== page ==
BELLEVUE – A new group of young adults, Eastside Newman Catholic Students, had just gotten started at Bellevue College when COVID-19 hit the area.
That hasn’t stopped them from continuing to connect and develop the faith community they hope can become the first full-fledged Newman Center for college students on the east side of Lake Washington.
“The pastoral need has existed for a number of years,” said Brody Stewart, a fourth-year seminarian at Oregon’s Mount Angel Seminary who is spearheading the effort while assigned to St. Louise de Marillac Parish in Bellevue for his year of pastoral experience.
In fact, the need for and viability of a Newman Center at Bellevue College was documented by St. Louise’s parochial vicar, Father Carlos Orozco, when he was a seminarian assigned to St. Louise in 2017. He said that Father Gary Zender, St. Louise’s pastor, has wanted to do something at Bellevue College (which lies within the parish boundaries) and for local college students for a long time.
In January, Father Orozco celebrated the group’s first Mass at Bellevue College. “It was a real beautiful moment,” he said.
The young adults attending told Father Orozco they have little opportunity to meet other Catholic students on the east side of Lake Washington — they have to cross a bridge to find programs offered by the University of Washington Newman Center or campus ministry at Seattle University, he said.
“They’re interested and hungry for the sacraments,” Father Orozco said.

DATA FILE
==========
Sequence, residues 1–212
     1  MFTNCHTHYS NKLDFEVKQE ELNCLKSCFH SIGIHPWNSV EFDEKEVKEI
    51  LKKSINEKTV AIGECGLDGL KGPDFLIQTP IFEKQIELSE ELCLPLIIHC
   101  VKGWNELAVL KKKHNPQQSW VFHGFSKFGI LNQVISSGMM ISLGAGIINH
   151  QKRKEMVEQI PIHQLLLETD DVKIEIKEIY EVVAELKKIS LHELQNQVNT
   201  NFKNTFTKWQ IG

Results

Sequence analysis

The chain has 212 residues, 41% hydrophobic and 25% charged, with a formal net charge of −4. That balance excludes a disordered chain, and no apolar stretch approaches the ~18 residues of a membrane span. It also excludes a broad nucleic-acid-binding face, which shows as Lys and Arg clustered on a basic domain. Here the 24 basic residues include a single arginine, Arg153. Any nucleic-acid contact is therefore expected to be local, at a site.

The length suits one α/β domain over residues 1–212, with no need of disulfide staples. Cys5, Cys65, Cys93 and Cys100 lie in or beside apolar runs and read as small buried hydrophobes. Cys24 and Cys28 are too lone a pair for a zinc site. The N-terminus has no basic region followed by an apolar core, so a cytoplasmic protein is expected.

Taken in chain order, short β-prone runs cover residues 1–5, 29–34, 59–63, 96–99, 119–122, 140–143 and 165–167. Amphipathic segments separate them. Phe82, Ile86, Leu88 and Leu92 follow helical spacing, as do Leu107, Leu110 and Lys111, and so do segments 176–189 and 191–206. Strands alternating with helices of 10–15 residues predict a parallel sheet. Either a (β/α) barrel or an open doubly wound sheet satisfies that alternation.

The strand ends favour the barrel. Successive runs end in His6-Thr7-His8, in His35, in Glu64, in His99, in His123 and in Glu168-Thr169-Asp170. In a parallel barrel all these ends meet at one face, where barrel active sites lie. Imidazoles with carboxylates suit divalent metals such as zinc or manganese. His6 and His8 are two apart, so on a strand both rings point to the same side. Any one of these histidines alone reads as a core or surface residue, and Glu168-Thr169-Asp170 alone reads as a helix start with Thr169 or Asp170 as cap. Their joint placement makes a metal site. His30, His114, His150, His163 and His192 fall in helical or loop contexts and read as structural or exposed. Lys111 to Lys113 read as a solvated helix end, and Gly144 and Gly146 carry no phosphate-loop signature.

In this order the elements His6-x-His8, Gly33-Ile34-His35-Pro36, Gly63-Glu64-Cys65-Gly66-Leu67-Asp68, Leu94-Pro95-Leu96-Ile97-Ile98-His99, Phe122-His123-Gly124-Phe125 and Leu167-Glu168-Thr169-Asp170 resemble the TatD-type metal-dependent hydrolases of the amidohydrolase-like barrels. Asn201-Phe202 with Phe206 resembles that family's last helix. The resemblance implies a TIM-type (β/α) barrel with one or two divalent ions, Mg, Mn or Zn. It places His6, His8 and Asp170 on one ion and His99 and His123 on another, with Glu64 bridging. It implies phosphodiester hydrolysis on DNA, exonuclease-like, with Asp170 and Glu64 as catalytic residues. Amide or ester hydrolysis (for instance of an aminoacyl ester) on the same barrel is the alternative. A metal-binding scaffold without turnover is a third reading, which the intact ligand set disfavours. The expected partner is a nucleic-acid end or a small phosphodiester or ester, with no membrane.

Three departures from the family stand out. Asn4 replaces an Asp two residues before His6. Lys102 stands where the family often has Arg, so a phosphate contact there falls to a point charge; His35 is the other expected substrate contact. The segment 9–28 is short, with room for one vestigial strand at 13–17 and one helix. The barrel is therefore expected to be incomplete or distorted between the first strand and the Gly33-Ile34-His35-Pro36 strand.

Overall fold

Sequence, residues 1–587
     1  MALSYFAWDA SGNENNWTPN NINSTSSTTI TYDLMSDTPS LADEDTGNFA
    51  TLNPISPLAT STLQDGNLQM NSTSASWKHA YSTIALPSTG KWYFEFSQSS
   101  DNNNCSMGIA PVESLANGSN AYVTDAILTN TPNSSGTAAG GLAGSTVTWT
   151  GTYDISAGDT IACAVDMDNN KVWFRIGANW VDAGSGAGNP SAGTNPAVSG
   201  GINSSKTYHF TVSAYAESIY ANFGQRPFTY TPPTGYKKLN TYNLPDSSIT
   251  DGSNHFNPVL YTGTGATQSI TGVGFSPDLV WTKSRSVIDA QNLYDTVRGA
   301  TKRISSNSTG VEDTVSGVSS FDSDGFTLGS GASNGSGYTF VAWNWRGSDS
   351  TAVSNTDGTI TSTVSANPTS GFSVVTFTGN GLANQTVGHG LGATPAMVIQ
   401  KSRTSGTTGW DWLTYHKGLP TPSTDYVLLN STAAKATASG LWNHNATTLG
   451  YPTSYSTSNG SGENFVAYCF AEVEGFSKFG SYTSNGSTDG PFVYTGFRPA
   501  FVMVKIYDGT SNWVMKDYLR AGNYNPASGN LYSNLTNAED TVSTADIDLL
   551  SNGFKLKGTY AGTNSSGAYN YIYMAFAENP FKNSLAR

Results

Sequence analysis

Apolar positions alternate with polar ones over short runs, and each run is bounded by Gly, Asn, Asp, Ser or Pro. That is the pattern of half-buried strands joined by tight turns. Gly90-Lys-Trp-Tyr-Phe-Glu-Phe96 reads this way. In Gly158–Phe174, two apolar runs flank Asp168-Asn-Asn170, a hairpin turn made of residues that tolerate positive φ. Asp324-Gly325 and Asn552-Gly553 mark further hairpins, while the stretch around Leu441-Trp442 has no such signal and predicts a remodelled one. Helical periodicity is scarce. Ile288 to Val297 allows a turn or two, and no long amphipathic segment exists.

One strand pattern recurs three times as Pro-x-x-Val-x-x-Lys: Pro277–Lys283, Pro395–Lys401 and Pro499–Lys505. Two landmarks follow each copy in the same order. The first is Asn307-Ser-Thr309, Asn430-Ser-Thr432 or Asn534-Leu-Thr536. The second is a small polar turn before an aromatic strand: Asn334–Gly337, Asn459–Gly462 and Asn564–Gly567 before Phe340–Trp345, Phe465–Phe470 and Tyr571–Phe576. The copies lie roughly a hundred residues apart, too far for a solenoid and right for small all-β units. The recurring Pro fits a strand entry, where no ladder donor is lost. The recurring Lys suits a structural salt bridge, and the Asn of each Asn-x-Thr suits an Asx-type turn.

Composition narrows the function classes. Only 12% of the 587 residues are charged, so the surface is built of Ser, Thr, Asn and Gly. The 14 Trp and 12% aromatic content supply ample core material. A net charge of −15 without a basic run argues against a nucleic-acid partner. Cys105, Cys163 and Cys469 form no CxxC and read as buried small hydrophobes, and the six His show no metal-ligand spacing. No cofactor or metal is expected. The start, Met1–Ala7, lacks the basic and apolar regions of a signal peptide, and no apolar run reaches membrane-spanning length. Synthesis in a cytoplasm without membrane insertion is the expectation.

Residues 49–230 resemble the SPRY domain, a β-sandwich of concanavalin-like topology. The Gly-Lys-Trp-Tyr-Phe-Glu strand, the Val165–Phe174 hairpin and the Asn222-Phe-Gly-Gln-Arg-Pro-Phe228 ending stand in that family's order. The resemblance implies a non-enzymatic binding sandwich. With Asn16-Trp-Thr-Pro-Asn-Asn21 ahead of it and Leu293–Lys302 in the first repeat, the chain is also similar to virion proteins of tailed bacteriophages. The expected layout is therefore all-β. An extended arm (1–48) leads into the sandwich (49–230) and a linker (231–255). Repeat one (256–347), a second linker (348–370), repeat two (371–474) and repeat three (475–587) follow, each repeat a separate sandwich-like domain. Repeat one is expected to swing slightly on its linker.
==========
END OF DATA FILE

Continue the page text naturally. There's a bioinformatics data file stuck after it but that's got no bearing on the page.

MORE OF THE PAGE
The first Mass at Bellevue College for the new Eastside Newman Catholic Students group was celebrated in late January by Father Carlos Orozco, parochial vicar at nearby St. Louise de Marillac Parish. During the coronavirus pandemic, the students have continued participating in their new community virtually. Photo: Courtesy Eastside Newman Catholic Students
Before coronavirus restrictions turned the Eastside Newman group into a virtual community, they hosted an ecumenical prayer service at the college on Ash Wednesday. Now, they stay in touch through seminarian Stewart’s “COVIDeo check-in” meetings.
“Pastoral ministry looks very different now,” Stewart said.
He also set up an Instagram account and a Flocknote page so the group can share inspirational messages and information about videoconference meetings. A Bible study was the biggest request from the students for the spring quarter, Stewart said, and now they are meeting virtually every Wednesday.
Although another group for young adults, Eastside Disciples, has been hosting gatherings since 2014, Stewart said “college students are their own, unique demographic, and they require a dedicated ministry [and] community to support them.”
One proposal being considered is hiring a coordinator to work with both groups, Stewart said in an email. During the pandemic, however, the Eastside Deanery has temporarily tabled discussion about new pastoral initiatives, he said.
Stewart, who will return to the seminary after the academic year ends, is a living witness to the power of campus ministry.
Raised “nominally Protestant” in Marysville, Stewart said, he became a Catholic after attending events at the Newman Center at Western Washington University in Bellingham.
“Jesus found me when I wasn’t looking for him,” Stewart said.